A Teenager’s Nutritional Needs

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Have you heard of the saying, “You are what you eat”? The body is in a rapid growth stage from puberty through early adulthood. As you age, you make more choices that affect your body and health. To support proper growth and development, teens need a nutritionally balanced diet, physical activity, and adequate sleep. A diet high in nutritious foods can benefit a teen’s overall health as well as:

  • Provide more energy.
  • Build strong bones and muscles.
  • Reach and maintain a healthy weight.
  • Lower your risk of health issues and chronic diseases like type 2 diabetes, high blood pressure, heart disease, obesity, etc.
  • Help cognitive performance in school.

Energy is used to help you grow. The calories consumed from foods and drinks measure the energy your body uses to function daily. Due to growth spurts, the body demands more calories during early adolescence than at any other time of life. How many calories you need each day depends on many factors, such as:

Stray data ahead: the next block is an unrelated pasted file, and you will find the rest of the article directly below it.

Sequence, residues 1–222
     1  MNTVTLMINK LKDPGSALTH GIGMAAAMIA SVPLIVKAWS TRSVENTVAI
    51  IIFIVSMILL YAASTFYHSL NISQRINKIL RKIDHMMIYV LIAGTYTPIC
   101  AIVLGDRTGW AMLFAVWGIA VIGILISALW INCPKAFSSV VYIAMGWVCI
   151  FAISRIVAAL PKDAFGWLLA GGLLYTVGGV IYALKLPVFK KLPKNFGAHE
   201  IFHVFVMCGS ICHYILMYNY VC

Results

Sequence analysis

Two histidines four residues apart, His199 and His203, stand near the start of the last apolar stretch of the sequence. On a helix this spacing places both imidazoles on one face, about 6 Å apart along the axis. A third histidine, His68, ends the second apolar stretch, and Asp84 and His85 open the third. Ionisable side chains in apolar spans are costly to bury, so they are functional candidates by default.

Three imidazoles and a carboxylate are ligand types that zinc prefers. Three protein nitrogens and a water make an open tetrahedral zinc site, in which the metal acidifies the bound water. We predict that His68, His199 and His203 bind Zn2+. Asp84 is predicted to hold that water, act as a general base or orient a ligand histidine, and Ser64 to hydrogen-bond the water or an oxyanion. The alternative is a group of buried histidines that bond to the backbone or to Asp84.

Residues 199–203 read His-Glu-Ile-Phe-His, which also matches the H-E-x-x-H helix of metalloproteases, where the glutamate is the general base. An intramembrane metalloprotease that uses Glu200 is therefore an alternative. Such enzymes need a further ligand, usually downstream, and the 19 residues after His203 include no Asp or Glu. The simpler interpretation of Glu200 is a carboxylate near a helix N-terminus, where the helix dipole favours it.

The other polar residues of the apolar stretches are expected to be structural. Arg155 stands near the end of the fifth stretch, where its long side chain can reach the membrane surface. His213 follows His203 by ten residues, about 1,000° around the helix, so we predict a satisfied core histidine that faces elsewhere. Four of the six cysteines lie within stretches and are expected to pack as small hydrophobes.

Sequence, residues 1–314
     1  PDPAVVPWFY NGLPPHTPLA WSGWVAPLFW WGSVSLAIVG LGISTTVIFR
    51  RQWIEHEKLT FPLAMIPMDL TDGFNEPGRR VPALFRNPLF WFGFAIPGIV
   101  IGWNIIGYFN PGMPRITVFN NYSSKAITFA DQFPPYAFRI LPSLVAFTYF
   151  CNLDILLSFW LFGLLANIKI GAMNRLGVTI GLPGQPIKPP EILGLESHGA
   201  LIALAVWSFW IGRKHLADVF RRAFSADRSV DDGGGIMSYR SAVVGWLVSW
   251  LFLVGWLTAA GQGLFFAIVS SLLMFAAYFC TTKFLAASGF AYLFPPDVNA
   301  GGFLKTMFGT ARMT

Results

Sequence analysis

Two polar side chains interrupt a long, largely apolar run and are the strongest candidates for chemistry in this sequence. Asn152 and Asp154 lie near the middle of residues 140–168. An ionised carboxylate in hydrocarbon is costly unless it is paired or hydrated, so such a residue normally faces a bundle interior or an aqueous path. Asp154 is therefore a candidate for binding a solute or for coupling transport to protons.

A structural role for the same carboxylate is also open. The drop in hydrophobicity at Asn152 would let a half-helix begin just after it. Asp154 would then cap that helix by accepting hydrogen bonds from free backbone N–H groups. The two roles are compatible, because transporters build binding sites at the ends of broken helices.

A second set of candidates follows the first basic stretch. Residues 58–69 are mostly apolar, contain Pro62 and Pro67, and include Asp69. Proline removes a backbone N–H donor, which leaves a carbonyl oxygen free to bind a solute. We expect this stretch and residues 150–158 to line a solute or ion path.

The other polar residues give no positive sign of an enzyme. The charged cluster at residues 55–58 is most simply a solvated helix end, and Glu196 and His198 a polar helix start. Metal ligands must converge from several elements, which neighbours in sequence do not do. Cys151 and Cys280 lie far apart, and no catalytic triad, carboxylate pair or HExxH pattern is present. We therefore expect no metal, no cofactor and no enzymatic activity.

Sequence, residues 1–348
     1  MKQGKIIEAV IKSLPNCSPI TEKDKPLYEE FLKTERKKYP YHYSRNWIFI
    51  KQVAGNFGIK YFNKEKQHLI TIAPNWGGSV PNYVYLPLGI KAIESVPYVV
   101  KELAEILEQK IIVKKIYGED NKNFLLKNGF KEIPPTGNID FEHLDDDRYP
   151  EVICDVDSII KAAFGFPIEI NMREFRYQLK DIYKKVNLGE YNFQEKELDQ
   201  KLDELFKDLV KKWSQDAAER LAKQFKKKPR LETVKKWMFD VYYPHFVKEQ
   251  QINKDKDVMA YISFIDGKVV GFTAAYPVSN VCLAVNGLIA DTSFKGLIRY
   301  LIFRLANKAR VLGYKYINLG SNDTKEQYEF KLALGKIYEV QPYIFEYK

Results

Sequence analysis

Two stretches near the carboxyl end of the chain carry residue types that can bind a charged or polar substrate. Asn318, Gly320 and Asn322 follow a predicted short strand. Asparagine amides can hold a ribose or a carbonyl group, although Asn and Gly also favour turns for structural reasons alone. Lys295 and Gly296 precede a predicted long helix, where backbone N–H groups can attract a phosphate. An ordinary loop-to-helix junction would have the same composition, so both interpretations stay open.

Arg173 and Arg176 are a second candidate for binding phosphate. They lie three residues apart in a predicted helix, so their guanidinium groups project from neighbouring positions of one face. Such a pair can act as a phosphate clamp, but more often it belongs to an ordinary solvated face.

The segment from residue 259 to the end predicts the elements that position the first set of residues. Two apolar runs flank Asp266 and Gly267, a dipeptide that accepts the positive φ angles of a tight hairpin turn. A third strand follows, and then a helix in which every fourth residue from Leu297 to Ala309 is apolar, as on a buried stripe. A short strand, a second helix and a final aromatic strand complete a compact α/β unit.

• Age, sex, height, and weight.
  • How much you are still growing.
  • How physically active you are.

What Sources of Nutrients Should Teens Choose?

Each teen’s daily eating routine, or diet, should include various foods and drinks high in nutrients such as vitamins, minerals, fiber, lean protein, complex carbohydrates, and healthy fats. Teens should try to limit the amount of saturated fats, added sugars, and sodium they consume daily. Listed below is advice for teens from the Dietary Guidelines for Americans, 2020-2025, regarding making more nutritious choices.


Vegetables contribute many valuable nutrients like fiber, potassium, and vitamins, which can help you have a healthy heart, kidney, and eyes and may protect you from infections. It is important to vary the types of vegetables that you eat as each vegetable has different nutrients that can assist you in various ways. Teens ages 14 to 18 should try to consume about 2.5 to 4 cups of vegetables each day.

Some vegetable choices are:

  • Dark green vegetables, including broccoli, spinach, kale, and collard greens.
  • Red and orange vegetables, such as carrots, pumpkins, sweet potatoes, peppers, and tomatoes.